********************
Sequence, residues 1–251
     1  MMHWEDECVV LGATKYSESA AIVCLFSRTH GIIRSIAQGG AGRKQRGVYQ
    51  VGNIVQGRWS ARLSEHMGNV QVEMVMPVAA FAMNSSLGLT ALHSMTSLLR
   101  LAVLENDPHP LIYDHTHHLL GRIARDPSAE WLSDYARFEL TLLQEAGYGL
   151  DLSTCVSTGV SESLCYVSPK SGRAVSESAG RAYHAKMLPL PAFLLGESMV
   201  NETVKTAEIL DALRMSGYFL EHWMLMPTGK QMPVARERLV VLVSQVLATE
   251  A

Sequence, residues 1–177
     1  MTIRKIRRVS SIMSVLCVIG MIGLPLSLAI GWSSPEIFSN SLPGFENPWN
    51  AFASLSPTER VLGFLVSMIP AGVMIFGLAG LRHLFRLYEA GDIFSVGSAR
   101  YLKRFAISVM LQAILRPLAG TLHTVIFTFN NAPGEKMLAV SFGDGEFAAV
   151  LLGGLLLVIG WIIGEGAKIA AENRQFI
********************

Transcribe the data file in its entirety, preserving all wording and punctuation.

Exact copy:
Sequence, residues 1–251
     1  MMHWEDECVV LGATKYSESA AIVCLFSRTH GIIRSIAQGG AGRKQRGVYQ
    51  VGNIVQGRWS ARLSEHMGNV QVEMVMPVAA FAMNSSLGLT ALHSMTSLLR
   101  LAVLENDPHP LIYDHTHHLL GRIARDPSAE WLSDYARFEL TLLQEAGYGL
   151  DLSTCVSTGV SESLCYVSPK SGRAVSESAG RAYHAKMLPL PAFLLGESMV
   201  NETVKTAEIL DALRMSGYFL EHWMLMPTGK QMPVARERLV VLVSQVLATE
   251  A

Sequence, residues 1–177
     1  MTIRKIRRVS SIMSVLCVIG MIGLPLSLAI GWSSPEIFSN SLPGFENPWN
    51  AFASLSPTER VLGFLVSMIP AGVMIFGLAG LRHLFRLYEA GDIFSVGSAR
   101  YLKRFAISVM LQAILRPLAG TLHTVIFTFN NAPGEKMLAV SFGDGEFAAV
   151  LLGGLLLVIG WIIGEGAKIA AENRQFI